Released July 4, 2014 (Frontiers Records)
02. Fear Itself
03. Everything Matters
04. She’s Gone
05. Never Stop Believing
06. I Still Believe
07. I Love My BBQ
09. Do-Rags And A .45
10. Screaming Eagles
11. Semper Fi
12. Trample The Weak Hurdle The Dead
13. Never Stop Believing (blues)
Ted Nugent – vocals, guitar and bass
Greg Smith – bass
‘Wild’ Mick Brown – drums (10)
Derek St. Holmes – lead vocals (3)
Sammy Hagar – vocals (4)
Jonathan Kutz – drums (1,2,3,5,7,11,12,13)
Johnny Bee Badanjek – drums (4,6)
Michael Lutz – backing vocals
Andy Patalan – backing vocals
Produced by Michael Lutz and Ted Nugent. Executive producer Doug Banker.
The award for most ironic album title in the history of modern music goes to Ted Nugent, a man who has never been afraid to voice his opinion on any subject. You likely won’t find a more polarizing figure in rock than the Motor City Madman, who can single handedly rally his dedicated troops and alienate his detractors with the blink of an eye. Personally I don’t care what Nugent‘s political views are, and for years have secretly wished he would do exactly what this album advertises — shut up and jam!
I’ve always enjoyed Nugent‘s music, and while his recent releases have been hit and miss they always offer a few guitar driven gems — Shutup&Jam! is no exception. The title track kicks things off in furious fashion and is one of the album’s highlights. However the lyrics of “enough of all that political stuff, right left good bad it all gets boring and old”, precisely summarizes one of Nugent‘s biggest flaws — if only he took those words to heart. I also enjoyed the short duet with Sammy Hagar called ” She’s Gone” — I was beginning to wonder if the former Van Halen frontman still knew how to rock, but this track proves he hasn’t forgotten. The positive message and distorted guitar work of “Never Stop Believing” should make in a live staple from years to come, but the album’s best two tracks are shoved towards the end. “Do-Rags And A .45” sounds like it came from the Weekend Warriors sessions and “Screaming Eagles” is pure, unadulterated Nugent — both tracks take you back to the guitarist’s classic out-of-control sound.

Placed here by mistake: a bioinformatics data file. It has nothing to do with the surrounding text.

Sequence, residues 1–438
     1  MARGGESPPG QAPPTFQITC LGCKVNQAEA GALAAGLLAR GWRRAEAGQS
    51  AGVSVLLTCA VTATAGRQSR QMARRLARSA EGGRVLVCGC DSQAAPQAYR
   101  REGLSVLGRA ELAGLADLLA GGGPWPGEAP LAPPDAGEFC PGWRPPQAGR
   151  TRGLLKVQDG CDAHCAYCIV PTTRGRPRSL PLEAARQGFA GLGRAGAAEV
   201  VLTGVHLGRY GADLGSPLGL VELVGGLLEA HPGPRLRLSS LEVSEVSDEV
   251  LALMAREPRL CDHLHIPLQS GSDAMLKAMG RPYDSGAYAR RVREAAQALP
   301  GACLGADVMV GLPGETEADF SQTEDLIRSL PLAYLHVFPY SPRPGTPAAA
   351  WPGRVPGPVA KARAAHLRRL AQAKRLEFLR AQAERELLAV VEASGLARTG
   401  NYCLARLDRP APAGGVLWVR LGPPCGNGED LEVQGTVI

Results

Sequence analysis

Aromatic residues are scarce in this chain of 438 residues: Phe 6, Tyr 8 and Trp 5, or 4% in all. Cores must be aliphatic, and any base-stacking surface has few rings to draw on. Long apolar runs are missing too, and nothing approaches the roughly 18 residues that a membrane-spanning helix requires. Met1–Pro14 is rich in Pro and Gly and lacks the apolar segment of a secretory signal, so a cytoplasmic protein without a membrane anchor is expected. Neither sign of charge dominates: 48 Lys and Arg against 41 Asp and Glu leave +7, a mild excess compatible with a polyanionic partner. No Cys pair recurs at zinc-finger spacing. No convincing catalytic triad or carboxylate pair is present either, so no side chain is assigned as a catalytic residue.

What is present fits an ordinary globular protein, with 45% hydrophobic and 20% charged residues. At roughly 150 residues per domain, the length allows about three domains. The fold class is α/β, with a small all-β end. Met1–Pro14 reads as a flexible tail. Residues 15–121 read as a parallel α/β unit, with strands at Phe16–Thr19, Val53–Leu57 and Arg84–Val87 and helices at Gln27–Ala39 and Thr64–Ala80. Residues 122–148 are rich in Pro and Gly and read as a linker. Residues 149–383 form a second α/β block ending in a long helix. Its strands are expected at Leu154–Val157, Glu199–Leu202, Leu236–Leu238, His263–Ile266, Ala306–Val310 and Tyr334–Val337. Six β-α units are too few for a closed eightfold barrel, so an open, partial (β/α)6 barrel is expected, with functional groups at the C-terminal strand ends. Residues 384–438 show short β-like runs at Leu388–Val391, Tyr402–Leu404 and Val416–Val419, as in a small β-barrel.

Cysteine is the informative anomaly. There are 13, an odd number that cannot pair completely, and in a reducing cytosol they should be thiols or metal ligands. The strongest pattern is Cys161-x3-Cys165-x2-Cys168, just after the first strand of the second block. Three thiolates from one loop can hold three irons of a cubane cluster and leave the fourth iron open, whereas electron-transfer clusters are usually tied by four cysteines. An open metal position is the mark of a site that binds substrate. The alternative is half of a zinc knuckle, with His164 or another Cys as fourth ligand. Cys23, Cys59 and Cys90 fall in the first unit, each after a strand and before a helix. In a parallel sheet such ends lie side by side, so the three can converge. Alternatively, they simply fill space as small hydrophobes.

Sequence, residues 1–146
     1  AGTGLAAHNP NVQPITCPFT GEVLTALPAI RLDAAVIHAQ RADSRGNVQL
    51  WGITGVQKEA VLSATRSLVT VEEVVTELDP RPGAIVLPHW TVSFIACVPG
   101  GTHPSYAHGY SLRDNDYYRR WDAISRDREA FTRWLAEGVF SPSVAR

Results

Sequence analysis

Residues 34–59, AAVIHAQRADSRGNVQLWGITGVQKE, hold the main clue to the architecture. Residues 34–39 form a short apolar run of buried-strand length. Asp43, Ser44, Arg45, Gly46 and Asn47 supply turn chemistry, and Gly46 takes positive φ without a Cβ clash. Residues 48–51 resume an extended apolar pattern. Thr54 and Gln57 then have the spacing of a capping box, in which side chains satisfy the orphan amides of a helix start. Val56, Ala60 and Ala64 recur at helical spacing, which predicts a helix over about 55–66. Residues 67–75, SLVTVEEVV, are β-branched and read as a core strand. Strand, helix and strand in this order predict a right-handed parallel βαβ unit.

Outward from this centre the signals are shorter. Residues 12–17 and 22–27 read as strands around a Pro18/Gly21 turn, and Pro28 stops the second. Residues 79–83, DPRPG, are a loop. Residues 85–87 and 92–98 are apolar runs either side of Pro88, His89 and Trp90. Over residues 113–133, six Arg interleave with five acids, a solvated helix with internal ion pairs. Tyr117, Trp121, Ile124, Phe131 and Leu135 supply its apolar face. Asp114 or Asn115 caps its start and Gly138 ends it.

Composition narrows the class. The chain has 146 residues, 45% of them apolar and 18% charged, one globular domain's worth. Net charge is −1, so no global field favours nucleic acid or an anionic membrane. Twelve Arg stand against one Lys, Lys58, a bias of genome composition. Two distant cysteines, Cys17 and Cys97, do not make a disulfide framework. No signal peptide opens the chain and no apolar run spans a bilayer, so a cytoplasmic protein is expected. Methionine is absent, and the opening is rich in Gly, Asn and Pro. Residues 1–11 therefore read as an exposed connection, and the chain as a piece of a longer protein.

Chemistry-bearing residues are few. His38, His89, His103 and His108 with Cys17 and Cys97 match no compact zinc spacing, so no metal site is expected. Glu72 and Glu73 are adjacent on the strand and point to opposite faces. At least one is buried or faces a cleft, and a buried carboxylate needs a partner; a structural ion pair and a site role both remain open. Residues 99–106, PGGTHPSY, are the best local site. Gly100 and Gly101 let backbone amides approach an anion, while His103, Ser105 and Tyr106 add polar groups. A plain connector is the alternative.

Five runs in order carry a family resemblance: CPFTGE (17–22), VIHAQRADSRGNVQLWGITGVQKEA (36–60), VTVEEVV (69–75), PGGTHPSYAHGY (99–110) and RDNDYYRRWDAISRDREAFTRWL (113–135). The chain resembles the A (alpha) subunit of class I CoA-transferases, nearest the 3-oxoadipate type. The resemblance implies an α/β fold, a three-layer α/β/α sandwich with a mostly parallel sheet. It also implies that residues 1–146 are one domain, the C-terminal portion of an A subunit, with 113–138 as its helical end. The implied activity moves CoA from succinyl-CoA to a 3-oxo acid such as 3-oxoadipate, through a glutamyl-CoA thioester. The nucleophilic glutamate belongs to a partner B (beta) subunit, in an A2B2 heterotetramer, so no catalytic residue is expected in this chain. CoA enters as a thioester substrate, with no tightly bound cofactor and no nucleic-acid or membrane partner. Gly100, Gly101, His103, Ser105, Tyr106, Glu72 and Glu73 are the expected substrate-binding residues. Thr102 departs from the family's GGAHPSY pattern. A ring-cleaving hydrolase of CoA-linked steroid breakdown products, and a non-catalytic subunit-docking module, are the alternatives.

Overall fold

The biggest disappointments on Shutup&Jam! are the least expected ones. “I Love My BBQ” had the potential to work but just comes across as silly — perhaps Nugent should stick to ‘poontang’ and forget about cooking. Even more surprising is “Everything Matters”, the only track sung by longtime cohort Derek St. Holmes. While St. Holmes was a huge part of Nugent‘s early success (maybe even more than some would like to admit), this song just doesn’t excite in the least and sounds stuck in the late ’70s.
I’m not sure why I bothered reviewing this album, because his legion of fans will eat up anything the gun-toting rocker delivers while the haters who believe Nugent represents everything wrong with America will dismiss the music without even giving it a listen. That’s the corner Nugent has painted himself in, and nothing on Shutup&Jam! is going to sway one’s opinion of the man himself. It’s a shame really, because Nugent has put together an impressive catalogue of music over the years, but by being unable to ‘shut up’ his mouth has started to overshadow his guitar prowess. On a purely musical level Shutup&Jam! is pretty good — by no means is it perfect, but it offered enough hard hitting, guitar driven rock to keep me satisfied through several listens.
www.tednugent.com – www.facebook.com/tednugent – www.frontiers.it
Reviewed by Skid for Sleaze Roxx, August 2014